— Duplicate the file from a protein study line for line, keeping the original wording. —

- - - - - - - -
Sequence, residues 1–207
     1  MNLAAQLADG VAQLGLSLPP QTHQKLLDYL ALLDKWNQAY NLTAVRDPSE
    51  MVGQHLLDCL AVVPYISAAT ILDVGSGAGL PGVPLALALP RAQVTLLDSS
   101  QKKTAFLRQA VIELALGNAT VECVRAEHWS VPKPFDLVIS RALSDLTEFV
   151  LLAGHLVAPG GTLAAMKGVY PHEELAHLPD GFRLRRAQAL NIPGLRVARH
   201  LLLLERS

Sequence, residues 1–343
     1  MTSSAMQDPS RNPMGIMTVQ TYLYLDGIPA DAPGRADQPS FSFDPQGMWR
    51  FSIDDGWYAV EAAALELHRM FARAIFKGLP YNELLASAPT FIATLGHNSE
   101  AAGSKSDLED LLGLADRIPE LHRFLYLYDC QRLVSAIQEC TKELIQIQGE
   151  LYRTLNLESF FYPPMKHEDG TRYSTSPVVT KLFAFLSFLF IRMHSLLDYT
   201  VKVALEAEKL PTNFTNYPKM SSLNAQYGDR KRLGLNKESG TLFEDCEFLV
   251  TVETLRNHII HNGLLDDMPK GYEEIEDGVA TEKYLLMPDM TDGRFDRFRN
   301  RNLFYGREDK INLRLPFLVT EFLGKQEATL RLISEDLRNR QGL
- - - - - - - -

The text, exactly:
Sequence, residues 1–207
     1  MNLAAQLADG VAQLGLSLPP QTHQKLLDYL ALLDKWNQAY NLTAVRDPSE
    51  MVGQHLLDCL AVVPYISAAT ILDVGSGAGL PGVPLALALP RAQVTLLDSS
   101  QKKTAFLRQA VIELALGNAT VECVRAEHWS VPKPFDLVIS RALSDLTEFV
   151  LLAGHLVAPG GTLAAMKGVY PHEELAHLPD GFRLRRAQAL NIPGLRVARH
   201  LLLLERS

Sequence, residues 1–343
     1  MTSSAMQDPS RNPMGIMTVQ TYLYLDGIPA DAPGRADQPS FSFDPQGMWR
    51  FSIDDGWYAV EAAALELHRM FARAIFKGLP YNELLASAPT FIATLGHNSE
   101  AAGSKSDLED LLGLADRIPE LHRFLYLYDC QRLVSAIQEC TKELIQIQGE
   151  LYRTLNLESF FYPPMKHEDG TRYSTSPVVT KLFAFLSFLF IRMHSLLDYT
   201  VKVALEAEKL PTNFTNYPKM SSLNAQYGDR KRLGLNKESG TLFEDCEFLV
   251  TVETLRNHII HNGLLDDMPK GYEEIEDGVA TEKYLLMPDM TDGRFDRFRN
   301  RNLFYGREDK INLRLPFLVT EFLGKQEATL RLISEDLRNR QGL